Earlier this week I was invited to accompany my dad to Barnes and Noble to look for a specific book he was interested in. While I am a traditional reader who becomes excitable about the prospect of going to a bookstore, but I am of two minds about it. The negative feelings are not because I become overwhelmed by the number of titles that I want to purchase, or because I find the commercialism to be indigestible. I get torn because I feel guilt that I don’t want to buy any of those books. There’s a strong sense of guilt because I know that I won’t give a proper home to anyone, but I will write down a laundry list of titles that I will go home and purchase for my Kindle. So despite my neurotic approach to bookstores, I do have a specific approach to how I navigate a Barnes and Noble.
Phase One: Entering the Building
Allow your eyes to drink in all the New Releases, Hardcovers, and Staff Recommendations. They’re new, they’re sparkly, and they’re enticing. It reminds me that while only about 10% of those titles that blast your senses as you first enter the bookstore are going to end up on my To-Be-Read list, new ideas are always flowing. Keeping the proverbial mind going by thinking/rethinking thoughts and solutions equates to a promising future (and yes, that does include the Romance and Sci-Fiction titles, not just nonfiction).
Phase Two: Sales Baby!
Typically, Barnes and Noble will have a section of the store that will feature all the Sales books. These aren’t necessarily “bad” or “boring” titles. Most of the time, this section will be located relatively close to the New Releases. I like to go through these books, but not all the genres. I will avoid the cookbooks and other nonfiction sales titles because 1) I don’t cook and definitely not based on a discounted pile that tend to include recipes with ingredients I can’t pronounce, and 2) I’ve got all the WWII and automobile knowledge I’ll need for a lifetime already. I will go directly to the fiction section for the sales. I will stock up my classroom’s bookshelf in this section, and there are always diamonds in the rough if you spend the time to look for them.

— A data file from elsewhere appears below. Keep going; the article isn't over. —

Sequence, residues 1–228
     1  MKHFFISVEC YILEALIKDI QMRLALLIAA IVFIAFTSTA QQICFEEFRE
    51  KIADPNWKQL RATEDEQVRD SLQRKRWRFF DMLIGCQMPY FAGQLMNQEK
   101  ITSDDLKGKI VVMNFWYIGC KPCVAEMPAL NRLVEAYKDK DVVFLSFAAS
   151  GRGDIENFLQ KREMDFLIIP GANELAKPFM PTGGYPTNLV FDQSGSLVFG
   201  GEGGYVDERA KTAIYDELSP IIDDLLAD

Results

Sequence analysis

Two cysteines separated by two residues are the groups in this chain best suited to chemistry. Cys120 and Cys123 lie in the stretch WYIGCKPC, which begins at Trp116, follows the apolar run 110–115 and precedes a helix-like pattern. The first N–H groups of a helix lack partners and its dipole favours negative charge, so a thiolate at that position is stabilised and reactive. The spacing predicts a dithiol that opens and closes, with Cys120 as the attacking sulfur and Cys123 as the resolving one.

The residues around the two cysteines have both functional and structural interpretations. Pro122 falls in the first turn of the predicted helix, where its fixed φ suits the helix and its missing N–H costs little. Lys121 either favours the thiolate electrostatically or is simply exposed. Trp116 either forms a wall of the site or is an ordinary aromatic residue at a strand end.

Phase Three: Criterion Tables
These tables are like breadcrumbs that lead you to the back of the Barnes and Noble, and will help you find your way (usually with arms fully loaded) back to the cash registers. I like to look through these books because I tend to follow certain themes in my reading, and when I’m in the mood for a “beach read,” I don’t want to have to hunt-and-peck through the Fiction shelves and hope that I locate a properly dressed, neon pink and yellow book cover that will satisfy my needs. The helpful employees have taken the time to arrange a cluster of books that cut down on my shopping time (Gifts for Grads, Dads, Moms, Husbands Obsessed with Lord of the Rings) or help me complete a “If you liked ________, then read __________” puzzles.
P.S. Sometimes these little nuggets will offer “Buy 2 Get 3rd Free” discounts. But choose wisely friends, choose wisely.
Phase Four: The Leftovers
There are certain sections of any bookstore that I won’t travel to. This includes: Children’s Books, Technology, Self-Help, Humor, and Magazines. All the remaining genres are up for grabs.
Conclusion: For me, a trip to the bookstore is the equivalent to doing an initial search for scholarly articles for a college midterm paper. You have your general purpose, but you must first scratch the surface of many subtopics before you can decide, with confidence, which thesis you’re going to pursue. Thankfully, I’ve learned that you don’t have to purchase each book you want to eventually read; this is the equivalent of printing out a copy of each 40+ page article from JSTOR. I feel accomplished with a list of titles to file away for a rainy day.